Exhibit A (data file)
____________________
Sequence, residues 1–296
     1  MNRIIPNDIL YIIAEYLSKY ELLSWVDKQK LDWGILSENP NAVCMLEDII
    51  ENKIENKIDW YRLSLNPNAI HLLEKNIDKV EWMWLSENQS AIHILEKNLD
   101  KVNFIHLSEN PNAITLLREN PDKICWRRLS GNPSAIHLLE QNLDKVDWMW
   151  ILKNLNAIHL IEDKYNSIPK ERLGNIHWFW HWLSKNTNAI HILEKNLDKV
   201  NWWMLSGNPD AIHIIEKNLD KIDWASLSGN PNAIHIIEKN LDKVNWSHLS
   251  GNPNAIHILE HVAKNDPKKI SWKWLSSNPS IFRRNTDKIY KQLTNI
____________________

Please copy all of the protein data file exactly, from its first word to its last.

Sequence, residues 1–296
     1  MNRIIPNDIL YIIAEYLSKY ELLSWVDKQK LDWGILSENP NAVCMLEDII
    51  ENKIENKIDW YRLSLNPNAI HLLEKNIDKV EWMWLSENQS AIHILEKNLD
   101  KVNFIHLSEN PNAITLLREN PDKICWRRLS GNPSAIHLLE QNLDKVDWMW
   151  ILKNLNAIHL IEDKYNSIPK ERLGNIHWFW HWLSKNTNAI HILEKNLDKV
   201  NWWMLSGNPD AIHIIEKNLD KIDWASLSGN PNAIHIIEKN LDKVNWSHLS
   251  GNPNAIHILE HVAKNDPKKI SWKWLSSNPS IFRRNTDKIY KQLTNI